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Council approves Mueller site for AISD performing arts center
Wednesday, June 1, 2011 by Josh Rosenblatt
The Mueller development will soon be home to a 1,200-seat performing arts center. At their meeting Thursday, City Council members voted unanimously to approve the sale of a 4.5-acre parcel at the corner of Mueller Boulevard and 51st Street by Mueller Master Developer Catellus Austin to the Austin Independent School District for the construction of the center.
In the 2008 bond election, Austin voters approved land acquisition and construction funding to build an AISD performing arts center. The Master Development Agreement the city entered into with Catellus in 2004 requires that the sale of any land by Catellus to a governmental authority, such as AISD, requires approval by Council. According to city staff, Catellus and AISD have already agreed to the terms and conditions for the sale of the site; now that Council has approved, those groups will enter into a contract.
Despite Council’s unanimous approval, several speakers expressed concern about possible traffic problems resulting from the construction of the center. Rick Krivoniak, vice chair of the Robert Mueller Municipal Airport Plan Implementation Advisory Commission, argued that putting the performance center at the corner of Mueller Boulevard and 51st Street would result in more traffic problems for an area already plagued by them.
“This is the project that’s going to generate a lot of traffic that is also going to be on 51st street,” Krivoniak said. “Fifty-First Street has a lot of traffic issues. … I would like for you to ask Catellus and AISD to go back and look at a different site at Mueller, something that’s more central. If that doesn’t happen, I think the city owes it to the community to do a serious look.”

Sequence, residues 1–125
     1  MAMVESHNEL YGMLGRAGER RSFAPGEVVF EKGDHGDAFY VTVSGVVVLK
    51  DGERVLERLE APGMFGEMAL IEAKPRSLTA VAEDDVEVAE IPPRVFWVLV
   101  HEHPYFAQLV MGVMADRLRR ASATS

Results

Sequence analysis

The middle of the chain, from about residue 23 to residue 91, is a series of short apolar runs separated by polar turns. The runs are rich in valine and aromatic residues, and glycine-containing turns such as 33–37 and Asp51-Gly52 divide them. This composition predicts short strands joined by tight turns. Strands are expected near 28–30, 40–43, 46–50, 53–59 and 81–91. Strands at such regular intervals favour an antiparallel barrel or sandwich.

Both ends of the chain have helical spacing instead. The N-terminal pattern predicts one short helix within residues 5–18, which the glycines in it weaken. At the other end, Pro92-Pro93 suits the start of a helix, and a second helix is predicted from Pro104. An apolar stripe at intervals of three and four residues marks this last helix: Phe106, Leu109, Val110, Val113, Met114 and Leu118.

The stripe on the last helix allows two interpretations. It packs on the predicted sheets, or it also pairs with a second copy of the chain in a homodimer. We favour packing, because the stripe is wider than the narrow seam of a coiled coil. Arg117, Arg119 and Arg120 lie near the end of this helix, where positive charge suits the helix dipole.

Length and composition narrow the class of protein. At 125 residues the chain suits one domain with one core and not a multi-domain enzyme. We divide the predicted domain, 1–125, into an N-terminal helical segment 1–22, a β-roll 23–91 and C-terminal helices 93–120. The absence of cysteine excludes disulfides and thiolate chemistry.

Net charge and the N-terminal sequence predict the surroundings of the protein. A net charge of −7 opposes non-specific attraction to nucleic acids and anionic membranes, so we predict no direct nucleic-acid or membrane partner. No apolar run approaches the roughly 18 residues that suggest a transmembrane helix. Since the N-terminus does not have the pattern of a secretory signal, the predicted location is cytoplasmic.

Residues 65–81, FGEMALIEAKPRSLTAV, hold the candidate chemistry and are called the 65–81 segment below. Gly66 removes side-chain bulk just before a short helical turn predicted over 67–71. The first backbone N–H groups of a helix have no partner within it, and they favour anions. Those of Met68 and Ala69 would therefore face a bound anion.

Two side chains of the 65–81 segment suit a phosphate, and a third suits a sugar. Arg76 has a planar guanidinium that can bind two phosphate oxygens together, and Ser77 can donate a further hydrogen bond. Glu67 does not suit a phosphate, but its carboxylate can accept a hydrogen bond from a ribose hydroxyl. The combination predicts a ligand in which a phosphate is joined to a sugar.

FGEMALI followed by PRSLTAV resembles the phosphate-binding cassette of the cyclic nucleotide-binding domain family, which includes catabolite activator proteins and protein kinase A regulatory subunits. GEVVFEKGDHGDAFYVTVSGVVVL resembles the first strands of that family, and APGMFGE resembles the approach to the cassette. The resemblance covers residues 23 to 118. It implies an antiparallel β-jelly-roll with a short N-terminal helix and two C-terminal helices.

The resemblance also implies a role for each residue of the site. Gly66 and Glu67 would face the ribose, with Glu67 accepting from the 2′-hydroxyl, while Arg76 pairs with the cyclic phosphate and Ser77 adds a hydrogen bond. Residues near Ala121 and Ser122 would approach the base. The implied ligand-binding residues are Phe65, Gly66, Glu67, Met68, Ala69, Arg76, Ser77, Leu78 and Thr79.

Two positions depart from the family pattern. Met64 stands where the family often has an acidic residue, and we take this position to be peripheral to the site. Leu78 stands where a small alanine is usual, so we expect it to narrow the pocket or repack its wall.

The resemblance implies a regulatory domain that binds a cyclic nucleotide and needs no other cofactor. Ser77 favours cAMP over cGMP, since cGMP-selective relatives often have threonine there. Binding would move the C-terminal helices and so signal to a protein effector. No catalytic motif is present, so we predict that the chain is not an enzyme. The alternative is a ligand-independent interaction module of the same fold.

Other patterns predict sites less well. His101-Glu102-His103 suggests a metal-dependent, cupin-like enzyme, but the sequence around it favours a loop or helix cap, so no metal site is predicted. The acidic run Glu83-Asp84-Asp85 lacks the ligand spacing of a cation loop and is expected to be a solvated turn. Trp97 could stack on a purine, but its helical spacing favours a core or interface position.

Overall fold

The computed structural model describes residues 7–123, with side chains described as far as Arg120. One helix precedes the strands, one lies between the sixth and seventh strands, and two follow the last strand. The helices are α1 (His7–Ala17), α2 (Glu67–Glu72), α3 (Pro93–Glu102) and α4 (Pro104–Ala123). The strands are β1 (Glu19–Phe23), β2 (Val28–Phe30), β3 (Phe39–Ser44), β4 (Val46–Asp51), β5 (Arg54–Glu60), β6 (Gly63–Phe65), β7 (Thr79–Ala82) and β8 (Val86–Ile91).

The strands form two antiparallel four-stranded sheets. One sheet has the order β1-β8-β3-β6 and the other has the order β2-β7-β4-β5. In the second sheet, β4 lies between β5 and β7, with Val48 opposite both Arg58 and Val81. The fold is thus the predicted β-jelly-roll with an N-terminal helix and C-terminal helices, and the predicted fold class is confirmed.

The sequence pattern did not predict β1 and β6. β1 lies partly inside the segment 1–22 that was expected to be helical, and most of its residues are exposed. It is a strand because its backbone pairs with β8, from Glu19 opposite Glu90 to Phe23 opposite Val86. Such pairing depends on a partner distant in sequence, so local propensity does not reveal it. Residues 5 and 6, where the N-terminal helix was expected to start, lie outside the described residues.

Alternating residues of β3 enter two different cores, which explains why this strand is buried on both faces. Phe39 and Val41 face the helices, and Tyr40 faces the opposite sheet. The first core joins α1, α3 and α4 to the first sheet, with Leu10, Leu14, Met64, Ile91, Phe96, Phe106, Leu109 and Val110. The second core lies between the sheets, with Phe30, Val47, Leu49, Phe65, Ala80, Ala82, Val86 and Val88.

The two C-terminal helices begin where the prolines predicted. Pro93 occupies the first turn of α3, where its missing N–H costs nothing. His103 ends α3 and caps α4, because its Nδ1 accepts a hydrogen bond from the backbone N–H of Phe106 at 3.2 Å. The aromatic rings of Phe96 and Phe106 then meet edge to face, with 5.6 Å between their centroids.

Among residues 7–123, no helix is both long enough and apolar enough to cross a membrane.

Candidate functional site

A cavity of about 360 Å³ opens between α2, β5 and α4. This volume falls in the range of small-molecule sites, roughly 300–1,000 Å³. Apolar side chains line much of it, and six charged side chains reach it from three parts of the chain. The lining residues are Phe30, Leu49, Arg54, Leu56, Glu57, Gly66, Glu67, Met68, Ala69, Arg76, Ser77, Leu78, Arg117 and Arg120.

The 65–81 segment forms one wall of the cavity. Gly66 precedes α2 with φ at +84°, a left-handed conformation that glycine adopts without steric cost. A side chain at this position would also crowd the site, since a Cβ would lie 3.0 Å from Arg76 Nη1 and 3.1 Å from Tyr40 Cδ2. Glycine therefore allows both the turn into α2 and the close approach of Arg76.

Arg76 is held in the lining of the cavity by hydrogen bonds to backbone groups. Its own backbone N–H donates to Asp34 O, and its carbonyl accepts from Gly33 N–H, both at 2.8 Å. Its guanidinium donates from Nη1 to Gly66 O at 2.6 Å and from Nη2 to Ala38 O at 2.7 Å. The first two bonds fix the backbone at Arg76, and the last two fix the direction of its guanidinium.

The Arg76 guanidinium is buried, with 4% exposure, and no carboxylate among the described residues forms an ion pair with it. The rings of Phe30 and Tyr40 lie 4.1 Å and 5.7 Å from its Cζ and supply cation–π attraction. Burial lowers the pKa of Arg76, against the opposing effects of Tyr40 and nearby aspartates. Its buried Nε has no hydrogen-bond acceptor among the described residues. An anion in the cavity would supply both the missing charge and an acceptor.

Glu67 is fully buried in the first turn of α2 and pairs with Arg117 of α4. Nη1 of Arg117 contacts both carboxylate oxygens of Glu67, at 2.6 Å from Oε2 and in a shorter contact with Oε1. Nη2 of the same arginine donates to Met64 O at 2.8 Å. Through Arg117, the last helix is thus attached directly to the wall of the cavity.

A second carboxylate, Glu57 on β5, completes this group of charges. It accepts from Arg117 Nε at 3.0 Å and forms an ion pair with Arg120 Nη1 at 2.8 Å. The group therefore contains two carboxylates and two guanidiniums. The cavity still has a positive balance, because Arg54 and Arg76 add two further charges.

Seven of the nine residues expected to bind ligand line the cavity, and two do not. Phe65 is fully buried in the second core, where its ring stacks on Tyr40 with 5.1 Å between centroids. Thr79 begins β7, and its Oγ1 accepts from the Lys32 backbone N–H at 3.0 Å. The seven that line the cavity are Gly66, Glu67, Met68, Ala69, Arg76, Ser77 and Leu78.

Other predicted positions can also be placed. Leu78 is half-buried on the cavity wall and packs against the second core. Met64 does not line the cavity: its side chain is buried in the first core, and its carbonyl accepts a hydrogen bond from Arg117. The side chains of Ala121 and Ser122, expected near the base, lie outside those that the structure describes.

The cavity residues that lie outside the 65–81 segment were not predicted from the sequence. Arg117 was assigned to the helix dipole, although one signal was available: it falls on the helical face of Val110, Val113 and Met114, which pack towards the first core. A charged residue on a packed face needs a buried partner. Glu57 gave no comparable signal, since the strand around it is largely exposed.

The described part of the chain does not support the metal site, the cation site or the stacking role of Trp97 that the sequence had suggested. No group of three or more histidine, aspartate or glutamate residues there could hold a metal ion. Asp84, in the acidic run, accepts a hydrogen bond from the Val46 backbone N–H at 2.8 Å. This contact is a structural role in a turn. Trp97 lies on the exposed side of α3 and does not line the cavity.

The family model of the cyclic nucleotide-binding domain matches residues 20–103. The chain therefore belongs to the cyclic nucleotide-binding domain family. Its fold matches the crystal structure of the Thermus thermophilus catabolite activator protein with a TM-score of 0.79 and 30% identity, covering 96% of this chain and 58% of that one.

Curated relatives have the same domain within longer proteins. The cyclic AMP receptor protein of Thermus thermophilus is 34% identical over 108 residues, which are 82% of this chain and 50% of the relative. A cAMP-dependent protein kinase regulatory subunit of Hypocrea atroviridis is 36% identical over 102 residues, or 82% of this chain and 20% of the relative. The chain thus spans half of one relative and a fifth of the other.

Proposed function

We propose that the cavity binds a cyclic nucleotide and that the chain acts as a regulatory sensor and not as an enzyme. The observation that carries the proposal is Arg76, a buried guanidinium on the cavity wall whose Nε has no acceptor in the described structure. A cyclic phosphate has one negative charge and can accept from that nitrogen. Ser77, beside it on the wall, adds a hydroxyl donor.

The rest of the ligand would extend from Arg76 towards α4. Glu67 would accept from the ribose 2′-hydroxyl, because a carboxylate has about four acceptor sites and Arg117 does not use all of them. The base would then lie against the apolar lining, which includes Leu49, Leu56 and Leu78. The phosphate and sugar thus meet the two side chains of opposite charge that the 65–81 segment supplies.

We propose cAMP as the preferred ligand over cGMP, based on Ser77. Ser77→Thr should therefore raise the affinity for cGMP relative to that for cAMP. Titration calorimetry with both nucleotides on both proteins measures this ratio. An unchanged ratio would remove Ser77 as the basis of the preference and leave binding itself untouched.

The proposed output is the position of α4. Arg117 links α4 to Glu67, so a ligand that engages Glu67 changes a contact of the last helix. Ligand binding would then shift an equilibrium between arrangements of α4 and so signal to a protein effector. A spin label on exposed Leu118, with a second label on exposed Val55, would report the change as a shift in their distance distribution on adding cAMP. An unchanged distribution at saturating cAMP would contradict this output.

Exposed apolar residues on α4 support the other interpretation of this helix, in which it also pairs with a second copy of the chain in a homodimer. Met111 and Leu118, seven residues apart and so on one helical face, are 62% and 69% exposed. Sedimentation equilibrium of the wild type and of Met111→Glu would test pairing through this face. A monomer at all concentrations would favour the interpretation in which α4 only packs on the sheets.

Placing the center in the development’s interior, Krivoniak said, would help disperse traffic before and after performances.
Greg Weaver, executive vice president of Catellus, told Council that his group had considered other sites in the development but had settled on this particular site because it is sided by three roads that have four lanes, making it more accessible.
However, Weaver said that AISD had agreed to do a traffic demand management plan, “a prescriptive and prescribed document that would talk about the roads, allowed roads for buses, preferred access in and out.” Weaver said that Catellus and AISD will be looking for community involvement with the design process and with the development of a traffic plan, including traffic lanes, bike lanes, and bus access.
“Hopefully there will be consensus,” Weaver said.
“The big issue seems to be traffic,” said Mayor Lee Leffingwell. “Fifty-First Street is becoming more and more of a commercial corridor with the Home Depot and then the Dell Medical Center and now the performing arts center and so forth. Obviously all these things are high traffic generators. And are we making sure that we continue to update our traffic studies? And as a part of this project approval process, I would assume that the possibility of traffic mitigation would be considered along the way.”
Pam Hefner, with the city’s Economic Growth and Redevelopment Office, assured Leffingwell that numerous governmental entities and development committees would vet the entire process, from design to traffic to construction.“The entire Mueller project does have a Transportation Impact Analysis (TIA), and it would be reviewed through the Transportation (Department),” said Hefner. “Also, Catellus is responsible for allocating the trips of the entire TIA to the different parcels. So they would be limiting the number of trips for this parcel. Also the design will go through the new construction council and be subject to design guidelines. But as far as traffic, it’s very early in the process. The direction (the arts center) will face hasn’t been identified, so that’s just the beginning.”
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